The process behind learning a new skill

John Sherman

It’s never too late to start, that’s what they always say.

Though most of the time these worn out old sayings tend to be best taken with a hefty handful of salt, in the case of learning a new skill, whether as a hobby, for success in your work, or even to improve the health of your brain, this one hits the nail on the head. Regardless of your age or standing at in your career, learning new skills are incredibly beneficial.


The process of learning new skills gives individuals brand new abilities that can be particularly useful for an employer, as well as new perspectives and insights into the role of skills in any given workplace position. Even new skills that you may not feel relevant to your work can still be used to express the variety of aptitudes you have.

Here’s a look at the process behind learning a new skill and a suggestion of key points that will help you reach your goal.

Pick a New Skill and Make Sure It’s Worthwhile

Like most things in life, making the decision and taking the first step on the road is the hardest part of the whole journey. But once this is achieved, every other stage along that journey diminishes in difficulty.

To get you started with learning a new skill, you’ll first have to pick one. With all the interesting, exciting topics out there this can be tricky. Try first to first focus on a few of your preferences, then you can narrow those choices down.

Learning new skills for work require two main questions. The first is to ask which aspects of your job you enjoy the most. The second is to ask whether what you like doing is valued by your employer.

Deciding on your favorite aspects of your workplace role and basing your new skill on that will make the process of learning easier. Rather than a chore, it’ll be a joy. So for example, if you like watching the way people tick, you could learn a new skill through taking an organizational behavior course. But if you’re a computer programmer, is that going to help your career? That’s why you need to know whether the new skill you want to learn is valued in your corporate environment.

Set a New Skills Target, and Stick to It!

Here’s a fact that won’t surprise anyone: If you don’t put the work in then you’ll never achieve your target. The strange thing is that while everyone is aware of the importance of setting targets and putting in the hours of practice, few people ever do.

Once you’ve picked the new skill target, you set off on your journey. Attend the classes, practice what you’re taught and do not stop trying to learn. The more you practice, the better you get. But make sure your goals are realistic.

If your aim is to be able to hold a conversation in Italian but rarely practice speaking then don’t be shocked when your target deadline passes and you can’t even talk about the weather.

Remember that practice makes perfect and that it’s okay to make mistakes. Mistakes are part of learning and they remind you that you’re not quite there yet. Use them as a means to go on.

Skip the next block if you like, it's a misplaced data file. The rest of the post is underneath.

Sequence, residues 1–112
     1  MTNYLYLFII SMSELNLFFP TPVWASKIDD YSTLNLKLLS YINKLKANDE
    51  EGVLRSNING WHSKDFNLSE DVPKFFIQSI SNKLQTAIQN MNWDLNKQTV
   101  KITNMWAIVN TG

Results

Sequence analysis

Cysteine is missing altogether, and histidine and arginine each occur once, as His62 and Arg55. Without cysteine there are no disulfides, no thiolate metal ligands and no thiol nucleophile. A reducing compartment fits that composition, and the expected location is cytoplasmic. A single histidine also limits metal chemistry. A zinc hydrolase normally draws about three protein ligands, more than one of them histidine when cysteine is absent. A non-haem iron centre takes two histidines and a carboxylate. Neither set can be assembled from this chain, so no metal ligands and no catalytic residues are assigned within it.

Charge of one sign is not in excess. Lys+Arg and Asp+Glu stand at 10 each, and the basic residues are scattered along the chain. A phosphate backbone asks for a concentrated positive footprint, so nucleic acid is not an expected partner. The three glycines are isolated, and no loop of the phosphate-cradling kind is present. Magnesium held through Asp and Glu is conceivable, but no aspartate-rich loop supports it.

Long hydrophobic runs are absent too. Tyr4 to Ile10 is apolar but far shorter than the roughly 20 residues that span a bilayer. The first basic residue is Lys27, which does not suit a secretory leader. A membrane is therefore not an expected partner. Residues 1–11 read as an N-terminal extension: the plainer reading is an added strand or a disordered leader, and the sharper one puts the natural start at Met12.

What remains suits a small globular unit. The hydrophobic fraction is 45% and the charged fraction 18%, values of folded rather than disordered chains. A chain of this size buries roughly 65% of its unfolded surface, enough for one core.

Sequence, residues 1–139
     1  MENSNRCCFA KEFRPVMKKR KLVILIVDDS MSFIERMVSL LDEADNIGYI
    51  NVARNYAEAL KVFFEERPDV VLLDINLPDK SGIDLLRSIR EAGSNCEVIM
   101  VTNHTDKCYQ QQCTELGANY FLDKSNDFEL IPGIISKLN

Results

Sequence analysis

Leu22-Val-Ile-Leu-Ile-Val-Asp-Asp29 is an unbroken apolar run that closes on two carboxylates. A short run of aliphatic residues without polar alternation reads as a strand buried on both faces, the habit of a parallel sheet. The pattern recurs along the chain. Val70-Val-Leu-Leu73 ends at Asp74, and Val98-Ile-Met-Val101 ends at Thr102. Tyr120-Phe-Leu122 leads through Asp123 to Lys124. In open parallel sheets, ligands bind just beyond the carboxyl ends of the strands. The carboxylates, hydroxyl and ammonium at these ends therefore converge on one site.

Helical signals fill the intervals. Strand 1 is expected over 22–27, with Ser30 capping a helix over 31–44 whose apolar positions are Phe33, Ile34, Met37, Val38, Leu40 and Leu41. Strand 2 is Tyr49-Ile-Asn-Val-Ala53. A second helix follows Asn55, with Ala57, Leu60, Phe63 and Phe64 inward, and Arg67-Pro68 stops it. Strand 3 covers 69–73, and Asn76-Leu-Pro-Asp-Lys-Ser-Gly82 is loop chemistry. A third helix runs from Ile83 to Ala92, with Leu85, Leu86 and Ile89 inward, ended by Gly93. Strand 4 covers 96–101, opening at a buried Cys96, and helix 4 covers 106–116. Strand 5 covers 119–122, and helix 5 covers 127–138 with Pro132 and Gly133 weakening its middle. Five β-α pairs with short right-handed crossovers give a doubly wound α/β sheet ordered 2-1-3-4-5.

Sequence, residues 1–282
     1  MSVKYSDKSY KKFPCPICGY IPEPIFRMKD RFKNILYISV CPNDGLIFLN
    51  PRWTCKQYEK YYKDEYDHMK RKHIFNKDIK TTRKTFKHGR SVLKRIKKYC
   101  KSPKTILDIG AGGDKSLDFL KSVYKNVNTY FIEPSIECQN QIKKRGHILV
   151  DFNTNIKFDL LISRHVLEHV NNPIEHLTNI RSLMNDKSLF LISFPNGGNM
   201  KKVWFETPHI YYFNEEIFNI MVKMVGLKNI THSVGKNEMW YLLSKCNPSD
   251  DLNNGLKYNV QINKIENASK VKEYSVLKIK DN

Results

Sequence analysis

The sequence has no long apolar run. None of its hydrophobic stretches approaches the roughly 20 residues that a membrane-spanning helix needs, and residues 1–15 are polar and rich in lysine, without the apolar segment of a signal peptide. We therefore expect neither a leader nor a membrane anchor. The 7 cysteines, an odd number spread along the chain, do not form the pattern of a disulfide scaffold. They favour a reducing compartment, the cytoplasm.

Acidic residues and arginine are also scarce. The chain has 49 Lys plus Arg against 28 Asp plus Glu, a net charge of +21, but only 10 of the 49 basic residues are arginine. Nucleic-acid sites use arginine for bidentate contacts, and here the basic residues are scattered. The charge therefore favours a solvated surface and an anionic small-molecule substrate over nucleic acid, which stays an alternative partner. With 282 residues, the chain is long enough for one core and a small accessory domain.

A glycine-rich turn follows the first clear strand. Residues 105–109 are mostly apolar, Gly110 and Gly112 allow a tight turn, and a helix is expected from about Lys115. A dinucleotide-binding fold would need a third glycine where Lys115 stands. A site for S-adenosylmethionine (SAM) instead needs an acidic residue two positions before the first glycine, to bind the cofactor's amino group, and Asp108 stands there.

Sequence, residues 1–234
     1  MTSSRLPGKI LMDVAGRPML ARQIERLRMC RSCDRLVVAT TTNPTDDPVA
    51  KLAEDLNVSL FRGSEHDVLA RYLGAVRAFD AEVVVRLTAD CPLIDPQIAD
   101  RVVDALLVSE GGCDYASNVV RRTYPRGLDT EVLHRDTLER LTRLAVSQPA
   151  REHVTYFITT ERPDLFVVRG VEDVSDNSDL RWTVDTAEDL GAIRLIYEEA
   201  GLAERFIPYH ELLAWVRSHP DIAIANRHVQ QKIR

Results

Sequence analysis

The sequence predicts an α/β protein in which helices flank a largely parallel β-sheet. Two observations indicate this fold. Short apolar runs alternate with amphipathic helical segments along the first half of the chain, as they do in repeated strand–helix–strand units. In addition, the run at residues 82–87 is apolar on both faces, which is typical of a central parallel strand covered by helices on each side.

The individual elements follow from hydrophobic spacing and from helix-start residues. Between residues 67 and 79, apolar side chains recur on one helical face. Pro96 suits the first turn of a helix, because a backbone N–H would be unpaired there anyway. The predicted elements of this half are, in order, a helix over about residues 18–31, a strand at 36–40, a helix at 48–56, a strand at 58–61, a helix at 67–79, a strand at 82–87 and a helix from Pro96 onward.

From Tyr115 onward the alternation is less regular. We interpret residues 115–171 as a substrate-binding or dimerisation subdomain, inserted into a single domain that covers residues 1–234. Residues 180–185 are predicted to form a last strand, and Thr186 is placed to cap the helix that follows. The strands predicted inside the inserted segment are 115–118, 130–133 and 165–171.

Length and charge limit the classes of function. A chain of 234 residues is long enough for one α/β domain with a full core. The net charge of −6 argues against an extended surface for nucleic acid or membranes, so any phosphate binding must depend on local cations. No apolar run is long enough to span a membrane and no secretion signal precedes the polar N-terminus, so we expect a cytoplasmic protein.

Put the New Skill to Use – Dive In!

The ability to make mistakes dovetails well into the next point in our new skill learning process, which is simply this:  Remember to use your new skill!

Crazy idea, right? But this needs to be repeated. What is the point of learning a new skill if you’re not going to use it? If in the workplace a manager requires some help with HR work and you happen to have recently finished that organizational behavior course put yourself forward. If you’ve successfully completed that Italian conversation class and the boss is having trouble communicating with a client in Rome offer your new skill and dive right in.

A Method to the Madness – Make New Skill Learning Easier

Remember that in the journey of acquiring a new skill there are some factors that will make success more of less likely. One that we’ve already mentioned are picking a skill that will be valuable and that you think you’ll enjoy earning. Another is setting realistic goals.  But one of the most important factors in learning a new skill is the method of learning.  Online courses are a fantastic way to assist learning.

Resources like online learning course, or eLearning, are really helpful for professionals of any age. They’re mobile for learning anywhere, and flexible to suit any lifestyle. Working full time is no problem for online courses because you can go at your own pace. If there are kids to look after, you can log on and study after they’ve gone to bed.

For the most flexible yet effective of learning methods, look no further than an online learning course.

New Skills: Hard and Soft

Enrolling on a course that certifies your ability to work in a group or that you are able to motivate others may seem a little silly, but put your biases aside for a moment.

Soft skills – those personal attributes that allow individuals to work harmoniously with others – are very highly considered. In fact, those who do not exhibit social abilities are unlikely to be considered for leadership roles. Soft skills are vitally important at leadership level.

So learning new skills that positively reflect your social abilities is time well spent. Add strings to your bow by certifying your attributes. Soft skills are needed now more than ever.


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